The Weekly Attitudinal: Write Your Own Steve Jobs Story!

It’s easy to get plenty of media attention by writing your own speculative story about the health of Apple’s CEO. Just follow these simple steps.

  1. Imagine some horrible or painful medical condition, preferably one with a reasonably high mortality rate. If your imagination fails you, pick an organ and say that it’s failing.

  2. Call up a doctor or two and ask them if, given the publicly available information about Steve Jobs’s health, they could categorically rule out the condition you have imagined.

    If even one of them cannot, you have your story. If one cannot but others do, you have your story as “Some doctors say this, but others disagree.”

    Be sure, in your story, to conflate “Apple Inc.” with “Steve Jobs,” deliberately ignoring that federal and state privacy laws prevent Apple from disclosing medical information on any employee (including its CEO) without that employee’s permission. The more you spread the blame around, the harder it is for people to see through your story.

    Also, since the media has invested heavily in the fiction that Steve Jobs runs everything at Apple (because it sells copies of stories, which sells ads), be sure to emphasize that, too.

  3. Profit!

Still too difficult for you to cash in on this media bonanza? Fear not—the Attitudinal has you covered! Just use this handy-dandy Steve Jobs Health Story Template® and fill in the blanks as needed!

Apple CEO Steve Jobs May Have ______

Doctors familiar with medicine say that Apple CEO Steve Jobs, who began a six-month medical leave of absence this week, may be suffering from ______.

If true, the condition is far more serious than Apple has previously let on. It could sideline the “World’s Most Important” CEO for longer than he has indicated, or keep him from returning to the Apple helm at all.

Jobs was treated for pancreatic cancer in 2004, and told investors that he had made a full recovery. Nonetheless, his public appearances during 2008 made it clear Jobs was rapidly losing weight, spurring fears that his cancer had returned.

A letter Apple released on January 5 said that Jobs was suffering from a “hormone imbalance. Eight days later, the CEO said his problems were “more complex” and that he would leave the company until June to have them treated, sparking more speculation that Jobs is fatally ill.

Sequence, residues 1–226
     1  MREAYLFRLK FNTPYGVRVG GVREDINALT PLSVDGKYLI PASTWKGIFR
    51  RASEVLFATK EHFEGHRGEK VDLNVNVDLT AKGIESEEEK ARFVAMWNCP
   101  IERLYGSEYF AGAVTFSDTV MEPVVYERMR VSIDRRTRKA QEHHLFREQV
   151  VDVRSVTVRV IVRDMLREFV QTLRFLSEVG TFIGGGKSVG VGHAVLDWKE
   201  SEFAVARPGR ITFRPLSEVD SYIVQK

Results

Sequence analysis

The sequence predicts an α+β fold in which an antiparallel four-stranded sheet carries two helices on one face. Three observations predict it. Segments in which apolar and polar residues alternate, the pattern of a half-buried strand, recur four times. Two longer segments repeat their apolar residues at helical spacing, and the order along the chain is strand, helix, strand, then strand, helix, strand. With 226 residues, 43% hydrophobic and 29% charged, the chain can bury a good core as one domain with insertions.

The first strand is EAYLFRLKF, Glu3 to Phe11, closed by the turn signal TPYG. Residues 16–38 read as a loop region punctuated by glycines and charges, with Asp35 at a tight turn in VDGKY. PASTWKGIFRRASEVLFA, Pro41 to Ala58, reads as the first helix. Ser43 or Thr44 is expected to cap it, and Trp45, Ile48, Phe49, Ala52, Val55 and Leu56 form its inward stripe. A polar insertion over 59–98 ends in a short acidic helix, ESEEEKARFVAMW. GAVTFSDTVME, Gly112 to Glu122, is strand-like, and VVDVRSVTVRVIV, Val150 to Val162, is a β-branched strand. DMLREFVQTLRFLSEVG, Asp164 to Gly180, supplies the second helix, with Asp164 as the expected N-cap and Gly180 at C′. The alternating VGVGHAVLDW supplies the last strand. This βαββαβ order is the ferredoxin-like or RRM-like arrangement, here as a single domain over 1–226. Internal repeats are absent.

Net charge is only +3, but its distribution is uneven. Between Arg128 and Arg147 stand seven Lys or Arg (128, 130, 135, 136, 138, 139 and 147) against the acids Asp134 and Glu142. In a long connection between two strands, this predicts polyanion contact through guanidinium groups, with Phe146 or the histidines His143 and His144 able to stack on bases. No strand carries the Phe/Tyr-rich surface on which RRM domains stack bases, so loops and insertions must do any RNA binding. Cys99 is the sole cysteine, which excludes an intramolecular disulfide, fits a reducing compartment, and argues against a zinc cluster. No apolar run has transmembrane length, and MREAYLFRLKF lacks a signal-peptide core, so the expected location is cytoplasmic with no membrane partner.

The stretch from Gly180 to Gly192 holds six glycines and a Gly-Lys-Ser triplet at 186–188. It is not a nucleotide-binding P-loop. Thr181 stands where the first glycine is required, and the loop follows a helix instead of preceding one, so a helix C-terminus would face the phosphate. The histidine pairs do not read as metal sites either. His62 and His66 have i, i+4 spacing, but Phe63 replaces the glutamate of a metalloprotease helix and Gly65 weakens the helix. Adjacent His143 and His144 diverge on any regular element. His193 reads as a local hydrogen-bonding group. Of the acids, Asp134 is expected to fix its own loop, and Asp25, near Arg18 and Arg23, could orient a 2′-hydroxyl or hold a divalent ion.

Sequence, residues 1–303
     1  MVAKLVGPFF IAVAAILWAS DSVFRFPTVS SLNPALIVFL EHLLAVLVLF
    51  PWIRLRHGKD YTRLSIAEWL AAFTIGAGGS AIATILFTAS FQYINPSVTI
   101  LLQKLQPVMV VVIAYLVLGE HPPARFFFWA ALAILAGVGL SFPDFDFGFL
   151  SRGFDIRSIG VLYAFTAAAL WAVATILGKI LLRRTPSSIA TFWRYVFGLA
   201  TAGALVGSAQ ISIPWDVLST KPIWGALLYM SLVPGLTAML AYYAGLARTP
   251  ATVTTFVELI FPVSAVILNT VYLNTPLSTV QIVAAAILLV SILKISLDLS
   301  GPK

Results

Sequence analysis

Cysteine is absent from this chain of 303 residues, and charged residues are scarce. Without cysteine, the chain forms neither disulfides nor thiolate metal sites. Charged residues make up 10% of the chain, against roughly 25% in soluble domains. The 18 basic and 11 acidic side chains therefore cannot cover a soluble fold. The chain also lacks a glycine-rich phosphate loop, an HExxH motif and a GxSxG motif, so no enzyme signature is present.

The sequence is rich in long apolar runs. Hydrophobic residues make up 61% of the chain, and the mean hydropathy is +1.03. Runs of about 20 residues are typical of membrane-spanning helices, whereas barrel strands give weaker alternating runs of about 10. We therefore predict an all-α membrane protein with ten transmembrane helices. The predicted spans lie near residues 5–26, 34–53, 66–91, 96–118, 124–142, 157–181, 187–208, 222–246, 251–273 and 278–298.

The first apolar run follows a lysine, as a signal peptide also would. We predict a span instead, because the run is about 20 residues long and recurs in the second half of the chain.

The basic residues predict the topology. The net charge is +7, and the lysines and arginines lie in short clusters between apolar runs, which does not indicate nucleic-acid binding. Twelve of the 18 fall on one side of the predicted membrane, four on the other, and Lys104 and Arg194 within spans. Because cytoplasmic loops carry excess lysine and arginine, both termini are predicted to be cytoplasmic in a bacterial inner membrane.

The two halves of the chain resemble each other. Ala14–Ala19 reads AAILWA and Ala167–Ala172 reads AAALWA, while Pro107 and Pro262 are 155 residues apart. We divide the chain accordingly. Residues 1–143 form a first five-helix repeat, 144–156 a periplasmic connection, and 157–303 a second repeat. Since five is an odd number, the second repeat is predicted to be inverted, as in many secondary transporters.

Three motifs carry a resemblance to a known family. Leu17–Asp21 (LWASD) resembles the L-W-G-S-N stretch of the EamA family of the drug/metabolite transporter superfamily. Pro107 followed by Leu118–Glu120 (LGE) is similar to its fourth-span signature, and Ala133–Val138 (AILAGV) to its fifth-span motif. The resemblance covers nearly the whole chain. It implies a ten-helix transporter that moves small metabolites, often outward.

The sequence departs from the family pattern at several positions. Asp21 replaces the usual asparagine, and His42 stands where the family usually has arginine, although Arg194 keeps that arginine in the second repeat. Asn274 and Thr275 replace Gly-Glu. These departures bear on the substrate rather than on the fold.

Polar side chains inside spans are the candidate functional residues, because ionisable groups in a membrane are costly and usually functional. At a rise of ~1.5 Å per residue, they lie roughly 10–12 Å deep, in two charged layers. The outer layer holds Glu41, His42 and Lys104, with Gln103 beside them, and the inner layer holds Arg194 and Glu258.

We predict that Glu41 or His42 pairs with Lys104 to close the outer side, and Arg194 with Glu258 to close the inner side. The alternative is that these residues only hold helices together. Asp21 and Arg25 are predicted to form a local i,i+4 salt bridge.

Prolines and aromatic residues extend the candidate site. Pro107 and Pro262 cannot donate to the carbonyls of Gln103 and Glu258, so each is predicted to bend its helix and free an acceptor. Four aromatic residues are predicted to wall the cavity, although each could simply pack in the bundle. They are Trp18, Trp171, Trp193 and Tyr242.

”Given his history with pancreatic cancer, it’s impossible to rule out ______,” said Dr. ____, [insert doctor’s title here]. “Cancer can have side effects throughout the body, including in the ______ system. The information he’s provided is just too vague. Only his doctors know for sure.”

The painful surgery Jobs reportedly underwent in 2004 could also have side effects, according to Dr. ______, [insert second doctor’s title here]. “While these procedures are generally safe and well-understood, there’s always the possibility that the body will eventually have problems with such a radical change to the system. If he’s not producing the right hormones [or “enzymes” or “proteins”], it could put stress on the ______ and eventually lead to weight loss and, if not corrected, death.”

While Apple has a deep bench of talent to run the company in his absence, investors and analysts alike speculate that without Jobs at the helm, the company will [eventually/rapidly] decline into the same moribund state it was in before Jobs returned to the CEO’s seat in 1997. Under his watch, Apple released mega-hit products like the iMac, the iPod, and the iPhone, all of which Jobs personally invented while refusing to take credit.

”His long-term absence puts the company’s future in jeopardy,” said ______, an analyst for [insert name of analyst’s Wall Street firm]. “Apple’s in a great position now, and Steve will be involved in major decisions while on medical leave, but if he stays gone longer than six months, or doesn’t come back at all, it’s possible that Apple will again fade into irrelevance. The company really needs a leader that the media can fixate on, because they’ve proven they won’t pay attention to the products without a personality behind them.” [You might have to cut that last sentence for “space” reasons, being a media person yourself who knows that sometimes good quotes have to be cut.]

Jobs, an unnecessarily private man, refused to comment for this story or to release full medical records at our request.

If you can’t even get doctors or analysts to return your calls, or to play along with your speculation, don’t worry! Just say that “some doctors” and “some analysts” speculate these things. If worse comes to worst, just punt and use the passive voice: “There has been speculation that Jobs is suffering from ______ and may not return to Apple.” Easy peasy!

See? Just follow the Attitudinal’s simple rules, as so many huge media writers and outlets already have. Once you know the secrets, the article just writes itself!

The Attitudinal shall bill you later for a very reasonable percentage of your profits from this technique, so what are you waiting for? Go cash in on the biggest media fad of the new year!